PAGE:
Commando Training 1940s Style: Night Opposed Landing

The weeks from September to December of 1943 were very busy at Achnacarry Castle as six units from the Royal Marines, comprising 180 officers and 3,300 Other Ranks, underwent their commando training.

There weren’t enough instructors to handle such a large intake and so the camp commandant, Lieutenant Colonel Vaughan, recruited more from amongst the best of those who had recently passed the course. One of Vaughan’s guiding principles had been that, “every instructor must be of exceptional calibre, and all of them must be able to perform every evolution slightly more accurately, slightly faster, than the best of the men under their instruction.”
(The Green Beret by Hilary St. George Saunders.)

44 RM Commando was the first unit to arrive and they reached Spean Bridge station on the 7th of September. The instructors met the train and put them through their paces from the moment of their arrival: they were ordered to disembark, not in the conventional manner, but by dropping down onto the railway tracks and then clambering up onto the platform on the opposite side. This was immediately followed by a seven-mile speed march to ‘Castle Commando’.

Spean Bridge railway station

Their three weeks of training culminated in what was one of the most memorable and dramatic elements of the course – the ‘night-time opposed landing’ – which was a realistic representation of an amphibious assault, carried out in darkness and using live ammunition.

Groups of eight each boarded a canvas-sided Goatley boat at Bunarkaig boathouse and then paddled it the quarter of a mile across Loch Lochy to the opposite shore. Before setting off, weapons were stacked into the bottoms of the boats and everyone was warned to keep their heads down as, almost from the moment of setting off, bursts of machine gun fire would be aimed in their direction by the instructors on the bank.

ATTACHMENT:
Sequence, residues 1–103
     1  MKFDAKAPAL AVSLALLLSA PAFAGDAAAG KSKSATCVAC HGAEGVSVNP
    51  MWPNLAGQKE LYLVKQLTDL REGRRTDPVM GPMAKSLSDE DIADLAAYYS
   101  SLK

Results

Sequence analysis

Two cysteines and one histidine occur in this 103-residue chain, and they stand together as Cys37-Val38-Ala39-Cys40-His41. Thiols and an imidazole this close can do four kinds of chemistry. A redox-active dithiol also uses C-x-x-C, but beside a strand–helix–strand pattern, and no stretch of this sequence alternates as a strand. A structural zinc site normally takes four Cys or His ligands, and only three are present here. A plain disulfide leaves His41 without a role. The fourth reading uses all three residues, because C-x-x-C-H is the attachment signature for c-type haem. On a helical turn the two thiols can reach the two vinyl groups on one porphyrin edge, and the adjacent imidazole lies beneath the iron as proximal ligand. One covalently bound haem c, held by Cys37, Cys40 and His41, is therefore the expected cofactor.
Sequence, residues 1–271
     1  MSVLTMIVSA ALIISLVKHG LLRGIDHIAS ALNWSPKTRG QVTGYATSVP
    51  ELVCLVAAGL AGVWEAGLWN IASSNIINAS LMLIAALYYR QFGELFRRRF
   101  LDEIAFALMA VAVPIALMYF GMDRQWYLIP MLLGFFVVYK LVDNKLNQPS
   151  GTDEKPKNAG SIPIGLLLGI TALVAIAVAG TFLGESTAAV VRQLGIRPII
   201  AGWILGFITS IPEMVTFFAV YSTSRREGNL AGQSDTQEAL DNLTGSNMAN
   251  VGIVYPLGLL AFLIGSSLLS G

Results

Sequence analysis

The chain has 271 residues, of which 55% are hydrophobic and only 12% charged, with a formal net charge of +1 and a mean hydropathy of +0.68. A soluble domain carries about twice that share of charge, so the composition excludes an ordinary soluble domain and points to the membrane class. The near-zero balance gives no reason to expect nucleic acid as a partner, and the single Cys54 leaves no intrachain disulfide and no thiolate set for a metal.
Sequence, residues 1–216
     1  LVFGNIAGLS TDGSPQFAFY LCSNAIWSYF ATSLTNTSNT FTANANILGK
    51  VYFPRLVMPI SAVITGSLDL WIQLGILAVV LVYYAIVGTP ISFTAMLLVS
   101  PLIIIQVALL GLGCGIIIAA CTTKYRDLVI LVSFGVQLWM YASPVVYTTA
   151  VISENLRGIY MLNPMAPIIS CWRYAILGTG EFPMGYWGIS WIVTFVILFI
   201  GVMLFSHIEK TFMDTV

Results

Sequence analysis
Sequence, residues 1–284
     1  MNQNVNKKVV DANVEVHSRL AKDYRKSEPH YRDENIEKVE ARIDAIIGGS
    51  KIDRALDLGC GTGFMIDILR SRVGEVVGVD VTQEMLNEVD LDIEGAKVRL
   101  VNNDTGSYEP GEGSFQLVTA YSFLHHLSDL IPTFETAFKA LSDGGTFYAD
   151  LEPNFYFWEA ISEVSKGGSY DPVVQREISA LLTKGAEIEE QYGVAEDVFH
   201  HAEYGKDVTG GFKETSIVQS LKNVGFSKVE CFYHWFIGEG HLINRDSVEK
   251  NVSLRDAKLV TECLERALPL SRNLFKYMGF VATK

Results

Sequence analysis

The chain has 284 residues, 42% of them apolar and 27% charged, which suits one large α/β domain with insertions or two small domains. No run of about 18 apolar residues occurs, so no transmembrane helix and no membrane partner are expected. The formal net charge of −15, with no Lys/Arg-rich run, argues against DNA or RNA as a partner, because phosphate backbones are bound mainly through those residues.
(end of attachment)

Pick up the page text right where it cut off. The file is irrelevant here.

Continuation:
Tracer ammunition lit up the sky and gave it a look of Firework Night but the crack of bullets inches away from the boats were real and potentially lethal. On the final approach to the shore, hand grenades were lobbed towards the boats sending plumes of water high into the air and visibility was further reduced when the instructors ignited smoke grenades and a cloud began to creep across the Loch.

The men leapt into the icy, shallow water and waded ashore before scrambling into position as quickly as they could. Machine gunners rushed the Brens forward and began firing at metal targets on the opposite hill while the assaulting troops ran, squelching through the mud and got into position.

Commandos dash up a beach under cover of a smokescreen during training in Scotland, 28 February 1942 © IWM (H17484)

As soon as the gunners had scored enough hits, the instructors yelled the command to assault. The marines clawed and squelched and slipped their way up the bank until the land flattened out and they were faced with another line of metal targets. They threw themselves onto the sodden ground, took aim and fired. Panting for breath, they scrambled to their feet and ran towards a battalion of straw-filled sacks. They speared them with bayonets, teeth gritted.

A white Very flare was fired, signalling that the time had come to skid and slide back down towards the boats and begin the journey back across the Loch. As they began to paddle away, the instructors bombarded them with grenades and machine gun fire again and although the instructors were skilled in shooting to miss, the marines could feel the bullets whistling past them and occasionally thumping into the paddles and smacking them out of their hands.

Glarnies, Green Berets & Goons: The Life and Legacy of Larry Stephens
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